• Thank you very much for clarifying my confusion between the two approaches. Its a great blog.

    As per my understanding we can use transient infoprovider as a normal infoprovider in BW. If it is true then can i create a transformation between a infoprovider in BW and transient infoprovider?

    Doing this i would be able to send data from one infoprovider to another based on my requirement.

    Clarify me if my understanding is wrong. Thank you.


    • Hi Shankar,
      a transient infoprovider is like a virtual infoprovider, simply the meta data is transient rather than stale. That means that, yes, from a READ perspective it behaves like any infoprovider. But from a WRITE perspective there is no information, i.e. it cannot be a data target. So you cannot write data into the transient infoprovider; you can only write data directly into the tables that are accessed by the transient infoprovider.
      • HI Thomas,

        Thank you for your quick response.
        I understood and completely agree with what you mentioned. But if i am not wrong the transient infoprovider is just like a multiprovider (both are virtual which does not carry data physically) and as per some of blogs which i went through on BW 7.3, we can create a DTP on top of Multiprovider.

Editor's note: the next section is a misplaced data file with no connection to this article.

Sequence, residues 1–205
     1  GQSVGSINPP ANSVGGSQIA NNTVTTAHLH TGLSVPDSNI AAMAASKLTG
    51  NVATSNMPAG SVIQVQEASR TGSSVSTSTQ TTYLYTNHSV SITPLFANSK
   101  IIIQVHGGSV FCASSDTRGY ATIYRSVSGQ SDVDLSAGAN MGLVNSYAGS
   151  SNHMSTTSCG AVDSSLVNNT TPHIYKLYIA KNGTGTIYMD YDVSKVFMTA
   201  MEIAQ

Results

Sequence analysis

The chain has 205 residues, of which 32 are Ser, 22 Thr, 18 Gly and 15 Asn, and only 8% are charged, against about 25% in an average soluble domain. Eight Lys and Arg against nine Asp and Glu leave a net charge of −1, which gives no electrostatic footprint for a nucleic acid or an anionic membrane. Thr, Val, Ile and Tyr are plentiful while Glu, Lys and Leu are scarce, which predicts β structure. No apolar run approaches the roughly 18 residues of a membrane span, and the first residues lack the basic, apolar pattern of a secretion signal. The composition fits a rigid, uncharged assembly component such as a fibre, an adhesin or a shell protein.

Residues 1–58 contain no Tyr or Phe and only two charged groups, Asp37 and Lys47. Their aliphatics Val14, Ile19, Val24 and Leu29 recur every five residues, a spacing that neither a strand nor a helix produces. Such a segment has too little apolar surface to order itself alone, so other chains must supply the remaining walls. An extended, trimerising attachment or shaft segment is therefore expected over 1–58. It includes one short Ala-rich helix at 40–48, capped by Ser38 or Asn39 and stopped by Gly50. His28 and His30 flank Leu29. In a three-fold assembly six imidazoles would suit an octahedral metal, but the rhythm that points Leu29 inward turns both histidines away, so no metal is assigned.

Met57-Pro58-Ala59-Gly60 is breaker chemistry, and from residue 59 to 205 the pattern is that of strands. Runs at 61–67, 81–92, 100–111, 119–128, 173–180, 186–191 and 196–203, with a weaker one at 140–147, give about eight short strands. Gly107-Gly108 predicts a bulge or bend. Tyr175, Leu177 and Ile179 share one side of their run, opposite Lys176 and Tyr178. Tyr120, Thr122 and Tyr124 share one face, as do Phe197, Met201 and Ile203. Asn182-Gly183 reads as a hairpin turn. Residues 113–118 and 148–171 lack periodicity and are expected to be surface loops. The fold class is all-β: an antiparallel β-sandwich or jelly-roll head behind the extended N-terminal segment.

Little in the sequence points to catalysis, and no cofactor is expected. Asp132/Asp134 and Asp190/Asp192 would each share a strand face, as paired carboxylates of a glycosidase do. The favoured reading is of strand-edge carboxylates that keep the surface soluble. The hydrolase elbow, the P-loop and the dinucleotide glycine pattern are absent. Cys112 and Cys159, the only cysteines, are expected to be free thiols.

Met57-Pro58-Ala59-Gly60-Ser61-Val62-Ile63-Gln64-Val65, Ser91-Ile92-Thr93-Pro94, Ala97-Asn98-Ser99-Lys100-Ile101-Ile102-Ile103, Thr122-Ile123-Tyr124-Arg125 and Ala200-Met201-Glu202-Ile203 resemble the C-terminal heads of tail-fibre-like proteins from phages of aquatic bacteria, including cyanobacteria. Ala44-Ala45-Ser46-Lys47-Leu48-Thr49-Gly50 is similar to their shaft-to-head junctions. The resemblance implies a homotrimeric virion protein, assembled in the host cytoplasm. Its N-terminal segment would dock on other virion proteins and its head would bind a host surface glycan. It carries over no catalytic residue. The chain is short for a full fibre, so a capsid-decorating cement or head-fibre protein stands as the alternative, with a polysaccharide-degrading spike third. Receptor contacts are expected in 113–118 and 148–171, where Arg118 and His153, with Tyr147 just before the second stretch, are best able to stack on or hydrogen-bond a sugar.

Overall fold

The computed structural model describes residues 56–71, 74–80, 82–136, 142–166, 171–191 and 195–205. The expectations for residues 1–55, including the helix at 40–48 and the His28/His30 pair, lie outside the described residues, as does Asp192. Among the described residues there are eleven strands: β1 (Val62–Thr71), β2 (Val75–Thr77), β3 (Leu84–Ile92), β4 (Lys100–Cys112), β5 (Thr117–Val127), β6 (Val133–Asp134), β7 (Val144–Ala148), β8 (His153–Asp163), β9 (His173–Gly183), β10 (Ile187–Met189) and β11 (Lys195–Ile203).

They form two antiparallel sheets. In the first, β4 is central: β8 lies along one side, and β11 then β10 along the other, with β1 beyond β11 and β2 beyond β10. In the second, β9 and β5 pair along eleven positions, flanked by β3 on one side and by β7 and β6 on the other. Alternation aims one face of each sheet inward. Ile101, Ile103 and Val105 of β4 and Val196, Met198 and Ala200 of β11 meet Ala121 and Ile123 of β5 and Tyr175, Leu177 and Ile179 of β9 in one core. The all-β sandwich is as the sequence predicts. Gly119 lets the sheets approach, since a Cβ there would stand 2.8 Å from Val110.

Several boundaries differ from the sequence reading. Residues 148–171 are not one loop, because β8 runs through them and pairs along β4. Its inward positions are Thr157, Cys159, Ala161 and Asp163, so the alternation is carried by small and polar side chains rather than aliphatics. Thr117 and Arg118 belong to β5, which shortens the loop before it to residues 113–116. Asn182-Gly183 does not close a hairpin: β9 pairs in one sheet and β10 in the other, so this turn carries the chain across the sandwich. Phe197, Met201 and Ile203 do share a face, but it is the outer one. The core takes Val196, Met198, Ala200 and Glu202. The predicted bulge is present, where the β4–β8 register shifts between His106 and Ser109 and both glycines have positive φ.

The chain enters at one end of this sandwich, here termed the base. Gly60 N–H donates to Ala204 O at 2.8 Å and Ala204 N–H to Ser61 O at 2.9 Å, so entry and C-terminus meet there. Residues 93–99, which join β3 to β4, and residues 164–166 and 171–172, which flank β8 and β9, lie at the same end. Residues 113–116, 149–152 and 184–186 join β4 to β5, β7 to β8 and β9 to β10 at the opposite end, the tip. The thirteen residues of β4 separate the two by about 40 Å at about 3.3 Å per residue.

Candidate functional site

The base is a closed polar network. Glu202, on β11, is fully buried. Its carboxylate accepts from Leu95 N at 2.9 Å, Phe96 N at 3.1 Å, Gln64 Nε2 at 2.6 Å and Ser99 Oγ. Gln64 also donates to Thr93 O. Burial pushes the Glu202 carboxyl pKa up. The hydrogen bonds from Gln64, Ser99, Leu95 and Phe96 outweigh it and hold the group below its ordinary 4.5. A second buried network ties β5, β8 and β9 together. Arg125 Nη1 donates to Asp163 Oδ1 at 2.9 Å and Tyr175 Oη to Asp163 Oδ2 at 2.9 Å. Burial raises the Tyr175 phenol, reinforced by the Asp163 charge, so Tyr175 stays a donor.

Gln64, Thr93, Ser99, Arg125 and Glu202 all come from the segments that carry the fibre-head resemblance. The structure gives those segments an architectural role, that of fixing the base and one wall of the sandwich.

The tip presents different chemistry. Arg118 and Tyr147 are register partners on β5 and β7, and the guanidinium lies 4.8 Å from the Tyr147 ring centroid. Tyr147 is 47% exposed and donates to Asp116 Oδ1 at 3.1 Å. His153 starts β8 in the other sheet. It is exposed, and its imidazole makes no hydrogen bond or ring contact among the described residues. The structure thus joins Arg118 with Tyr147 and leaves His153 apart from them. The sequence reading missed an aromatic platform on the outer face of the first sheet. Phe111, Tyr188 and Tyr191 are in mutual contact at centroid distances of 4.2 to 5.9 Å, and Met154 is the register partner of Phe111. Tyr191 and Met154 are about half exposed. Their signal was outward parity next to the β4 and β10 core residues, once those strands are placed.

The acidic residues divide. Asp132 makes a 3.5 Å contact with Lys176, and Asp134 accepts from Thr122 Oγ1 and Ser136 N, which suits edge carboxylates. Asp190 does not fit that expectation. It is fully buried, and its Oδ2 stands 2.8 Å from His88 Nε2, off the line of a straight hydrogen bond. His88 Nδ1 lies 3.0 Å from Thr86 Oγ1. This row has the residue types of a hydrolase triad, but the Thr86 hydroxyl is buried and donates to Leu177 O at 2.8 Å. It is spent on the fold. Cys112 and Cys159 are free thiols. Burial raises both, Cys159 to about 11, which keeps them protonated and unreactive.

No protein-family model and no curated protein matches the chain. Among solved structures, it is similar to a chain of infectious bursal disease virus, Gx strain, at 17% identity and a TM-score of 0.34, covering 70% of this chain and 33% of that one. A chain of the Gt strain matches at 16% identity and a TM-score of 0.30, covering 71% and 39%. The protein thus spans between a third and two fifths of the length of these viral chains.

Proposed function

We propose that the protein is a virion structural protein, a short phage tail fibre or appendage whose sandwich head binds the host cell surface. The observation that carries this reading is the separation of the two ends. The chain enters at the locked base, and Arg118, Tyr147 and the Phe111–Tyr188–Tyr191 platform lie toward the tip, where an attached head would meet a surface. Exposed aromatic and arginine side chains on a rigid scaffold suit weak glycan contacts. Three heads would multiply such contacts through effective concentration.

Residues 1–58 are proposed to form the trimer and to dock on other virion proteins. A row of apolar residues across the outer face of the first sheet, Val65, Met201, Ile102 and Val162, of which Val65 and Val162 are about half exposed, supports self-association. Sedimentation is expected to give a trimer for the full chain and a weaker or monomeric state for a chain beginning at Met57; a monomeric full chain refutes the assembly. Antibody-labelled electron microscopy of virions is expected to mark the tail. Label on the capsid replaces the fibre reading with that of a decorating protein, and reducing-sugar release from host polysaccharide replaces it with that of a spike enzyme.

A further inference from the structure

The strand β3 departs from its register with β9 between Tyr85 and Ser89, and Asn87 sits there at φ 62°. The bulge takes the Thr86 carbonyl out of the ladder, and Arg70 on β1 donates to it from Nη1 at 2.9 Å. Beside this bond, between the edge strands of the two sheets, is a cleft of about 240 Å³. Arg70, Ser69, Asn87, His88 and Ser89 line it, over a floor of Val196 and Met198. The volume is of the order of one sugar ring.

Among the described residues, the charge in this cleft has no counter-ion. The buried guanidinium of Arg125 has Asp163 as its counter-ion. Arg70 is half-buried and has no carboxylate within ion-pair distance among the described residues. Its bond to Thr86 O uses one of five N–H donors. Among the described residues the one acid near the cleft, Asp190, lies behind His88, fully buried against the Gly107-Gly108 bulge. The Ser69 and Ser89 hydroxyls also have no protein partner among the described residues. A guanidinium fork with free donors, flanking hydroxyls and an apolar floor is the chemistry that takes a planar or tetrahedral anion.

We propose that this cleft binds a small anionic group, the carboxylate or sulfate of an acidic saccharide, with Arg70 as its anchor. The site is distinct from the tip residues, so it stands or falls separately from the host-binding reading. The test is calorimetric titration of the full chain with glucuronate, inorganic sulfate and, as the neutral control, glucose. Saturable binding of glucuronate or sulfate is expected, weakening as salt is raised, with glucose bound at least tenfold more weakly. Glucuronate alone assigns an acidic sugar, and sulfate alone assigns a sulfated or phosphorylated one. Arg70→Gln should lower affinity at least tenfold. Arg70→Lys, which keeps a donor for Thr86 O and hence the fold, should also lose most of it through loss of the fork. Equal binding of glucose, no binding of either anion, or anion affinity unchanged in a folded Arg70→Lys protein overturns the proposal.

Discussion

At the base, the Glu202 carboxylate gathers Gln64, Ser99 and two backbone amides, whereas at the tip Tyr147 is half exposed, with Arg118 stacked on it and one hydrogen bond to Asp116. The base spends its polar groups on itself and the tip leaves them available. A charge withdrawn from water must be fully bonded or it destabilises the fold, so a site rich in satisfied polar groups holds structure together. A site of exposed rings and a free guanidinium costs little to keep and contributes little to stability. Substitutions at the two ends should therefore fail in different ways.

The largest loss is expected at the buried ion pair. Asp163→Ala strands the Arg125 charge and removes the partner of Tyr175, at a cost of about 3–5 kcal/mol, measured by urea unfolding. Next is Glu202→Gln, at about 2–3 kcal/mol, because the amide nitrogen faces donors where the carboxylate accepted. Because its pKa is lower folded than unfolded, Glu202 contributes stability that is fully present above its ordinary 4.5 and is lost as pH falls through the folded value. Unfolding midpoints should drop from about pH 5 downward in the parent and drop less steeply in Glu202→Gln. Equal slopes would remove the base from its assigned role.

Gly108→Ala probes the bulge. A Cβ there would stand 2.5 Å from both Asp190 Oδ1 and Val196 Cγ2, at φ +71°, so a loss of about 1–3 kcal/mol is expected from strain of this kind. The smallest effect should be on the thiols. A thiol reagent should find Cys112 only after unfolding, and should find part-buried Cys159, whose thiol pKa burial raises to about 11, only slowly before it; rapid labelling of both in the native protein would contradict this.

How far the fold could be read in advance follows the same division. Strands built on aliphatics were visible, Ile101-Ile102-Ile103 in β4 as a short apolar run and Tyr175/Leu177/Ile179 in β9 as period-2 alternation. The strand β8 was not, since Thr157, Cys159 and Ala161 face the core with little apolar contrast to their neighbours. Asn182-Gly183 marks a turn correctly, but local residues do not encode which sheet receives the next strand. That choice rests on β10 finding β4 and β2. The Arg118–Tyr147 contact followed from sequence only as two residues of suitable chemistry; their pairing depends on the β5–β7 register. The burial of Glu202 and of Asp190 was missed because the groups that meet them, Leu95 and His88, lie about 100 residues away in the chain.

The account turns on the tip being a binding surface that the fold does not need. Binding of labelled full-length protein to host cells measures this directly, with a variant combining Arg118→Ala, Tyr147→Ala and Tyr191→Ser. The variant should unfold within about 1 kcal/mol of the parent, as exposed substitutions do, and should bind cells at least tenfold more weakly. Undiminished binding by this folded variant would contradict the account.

So this question came to my mind based on the new developments in BW 7.3 thinking that we can create DTP on top of Multiprovider.

        Thank you for your clarification.


        So my last question is

    • Hi Deepu,

      so the virtual provider is an alternative to the transient provider - see "bridge" 1. in the blog. The virtual provider has some advantages over the transient provider: e.g. it can be transported and it can be part of a multiprovider. The disadvantage is that the virtual provider needs to be adjusted if the underlying analytic view (on HANA) is changed; the transient provider, in turn, is automatically adjusted.

      For details have a look at this document:

      Hope this helps.